7 Right Angle Pin Header Attaches to SD card adapter.
8 Pin Header Attaches to perfboard so it can plug into CHIP. Available in a kit with right angle and others linked above.
9 SD Adapter Usually included with your Micro SD card.
10 NTC CHIP You should have this already.
11 Perfboard Great for all kinds of projects. This one is double sided and comes tinned making it easy to work with.
12 Soldering Iron Cheapo soldering iron. You should get a better one if you do this a lot. A cheap handle is fine but quality tips are worth the money. Something like the one I linked should take 900M style tips from a quality brand like Hakko. I’m using a cheap $4 iron from Harbor Freight to show it can work for you though.
I drew some crude wiring diagrams for both the Alpha CHIP and the released version because they moved the 3V3 power supply location. You most likely have the non-Alpha version. The normal CHIP has the pin function conveniently written onto the header so it should be easy.

Wiring diagram for released CHIP
Wiring Diagram for Alpha version of the NTC CHIP
The assembly is actually fairly straightforward. Headers can be clipped apart with the flush cutters. You need to attach the longer pins of the right andgle header to the Micro SD adapter’s exposed pads. It won’t line up exactly, but it’s close enough and far easier than trying to solder on individual wires. I’d recommend a fairly large soldering tip as that will allow you to dump heat into the joint very quickly. It probably seems a bit counter intuitive, but this is what you want so you can make the solder flow and adhere well onto the pad and the pin before the heat has enough time to transfer to the surrounding area and melt the plastic. Use plenty of flux on both the adpater pads and the header pins and you should be able to get the solder to flow onto both quickly. One that is done, it can easily attach to the perfboard.

SD Adapter with right angle pin header soldered onto its pads

Next, you should attach some of the straight pin headers to the perfboard so that they line up with the holes on the CHIP’s headers. The short end should go to the perfboard so that the longer end can stick down into the CHIP. I found it easiest to actually stick the long end of the header into its spot on the chip, then set the perfboard on top how you want it and solder the pins in place.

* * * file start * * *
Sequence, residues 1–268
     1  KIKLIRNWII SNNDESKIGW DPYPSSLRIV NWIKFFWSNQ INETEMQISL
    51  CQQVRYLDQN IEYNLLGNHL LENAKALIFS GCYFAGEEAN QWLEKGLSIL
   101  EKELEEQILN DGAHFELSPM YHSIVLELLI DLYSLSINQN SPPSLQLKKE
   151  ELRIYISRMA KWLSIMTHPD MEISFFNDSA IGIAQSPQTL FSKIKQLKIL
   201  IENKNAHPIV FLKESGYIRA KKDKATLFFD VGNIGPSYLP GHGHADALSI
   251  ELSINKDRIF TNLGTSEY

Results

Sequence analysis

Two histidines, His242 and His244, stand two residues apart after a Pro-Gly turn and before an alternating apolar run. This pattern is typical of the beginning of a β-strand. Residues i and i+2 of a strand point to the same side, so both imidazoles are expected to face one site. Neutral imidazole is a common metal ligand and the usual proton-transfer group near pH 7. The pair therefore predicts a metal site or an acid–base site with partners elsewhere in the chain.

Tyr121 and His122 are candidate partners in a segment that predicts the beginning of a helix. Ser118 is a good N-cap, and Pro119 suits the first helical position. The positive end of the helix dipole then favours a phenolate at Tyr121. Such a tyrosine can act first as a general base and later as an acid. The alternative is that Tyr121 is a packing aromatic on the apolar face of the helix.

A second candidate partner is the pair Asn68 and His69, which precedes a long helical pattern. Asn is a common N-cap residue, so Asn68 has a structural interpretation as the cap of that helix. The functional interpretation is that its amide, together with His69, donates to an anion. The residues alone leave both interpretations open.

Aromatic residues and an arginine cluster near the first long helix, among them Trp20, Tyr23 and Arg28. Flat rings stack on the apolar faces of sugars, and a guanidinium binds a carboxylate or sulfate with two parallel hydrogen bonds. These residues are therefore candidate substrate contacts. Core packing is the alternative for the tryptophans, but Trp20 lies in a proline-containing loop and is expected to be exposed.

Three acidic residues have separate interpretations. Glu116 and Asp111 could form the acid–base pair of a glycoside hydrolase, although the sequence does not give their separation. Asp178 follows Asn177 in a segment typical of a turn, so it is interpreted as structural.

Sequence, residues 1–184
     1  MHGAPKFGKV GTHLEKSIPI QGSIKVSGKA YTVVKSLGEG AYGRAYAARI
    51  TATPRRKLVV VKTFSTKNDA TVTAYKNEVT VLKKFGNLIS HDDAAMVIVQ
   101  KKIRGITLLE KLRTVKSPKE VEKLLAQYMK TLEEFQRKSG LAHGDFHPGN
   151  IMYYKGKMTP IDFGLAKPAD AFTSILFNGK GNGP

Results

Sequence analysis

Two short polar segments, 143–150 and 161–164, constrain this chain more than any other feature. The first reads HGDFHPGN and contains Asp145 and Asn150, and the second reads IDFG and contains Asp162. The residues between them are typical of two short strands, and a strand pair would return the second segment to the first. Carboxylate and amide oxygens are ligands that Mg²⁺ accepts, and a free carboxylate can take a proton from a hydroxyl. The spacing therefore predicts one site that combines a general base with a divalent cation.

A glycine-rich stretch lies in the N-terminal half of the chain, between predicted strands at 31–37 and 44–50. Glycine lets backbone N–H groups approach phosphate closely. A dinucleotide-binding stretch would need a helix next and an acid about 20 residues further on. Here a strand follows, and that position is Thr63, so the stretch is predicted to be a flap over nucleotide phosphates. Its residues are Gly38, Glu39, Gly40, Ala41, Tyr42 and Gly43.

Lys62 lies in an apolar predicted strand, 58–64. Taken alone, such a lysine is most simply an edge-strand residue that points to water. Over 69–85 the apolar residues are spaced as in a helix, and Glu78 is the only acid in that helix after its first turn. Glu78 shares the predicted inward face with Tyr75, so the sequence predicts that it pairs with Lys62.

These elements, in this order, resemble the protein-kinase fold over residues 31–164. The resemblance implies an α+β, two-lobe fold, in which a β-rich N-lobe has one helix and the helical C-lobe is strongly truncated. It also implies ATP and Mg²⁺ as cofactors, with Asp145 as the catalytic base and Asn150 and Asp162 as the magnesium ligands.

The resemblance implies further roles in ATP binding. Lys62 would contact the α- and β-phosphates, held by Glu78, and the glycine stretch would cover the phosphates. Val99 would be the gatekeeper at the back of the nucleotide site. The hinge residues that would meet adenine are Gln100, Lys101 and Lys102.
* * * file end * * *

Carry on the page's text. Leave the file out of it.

Pin headers attached to perfboard
Next, you’ll need to solder wires to connect the pins from the SD Card adapter to the approriate pin on the CHIP connector. I prefer to color code mine but it doesn’t matter if you want to just use a single color. There’s probably enough solder already on the joint between the header and the perfboard to connect the wire, but feel free to add more. It’s easier to make the connection if you dip the end of the wire in some flux and tin it, that is coat it in solder on its own. It should be fairly straightforward, but be careful not to bridge any pins or short any wires together, especially on the group of six CSI pins where it gets a bit tight.

Wires connecting SD adapter header to CHIP headers
When you’re done you may want to take a multimeter in continuity mode (beeps when the probes complete a circuit) and double check that the connections you want to be there are there and also that they don’t short out with each other. This is a pretty simple circuit so a visual inspection can go a long way also. I also added some hotglue to reinforce the adapter connection to relieve stress placed on the header when manipulating the card.

Hot glue for stress relief
Wrapping Up
Put away your tools, that’s it for the hardware part of this project! In the next post I’ll explain how to get this to work in Linux. We need to add some information to the device tree so that Linux knows how to configure the appropriate driver and then you’ll be able to use your SD card slot. Overlaying the device tree will work on the stock NTC kernel, so if all you wanted was an SD card slot, you’re almost done.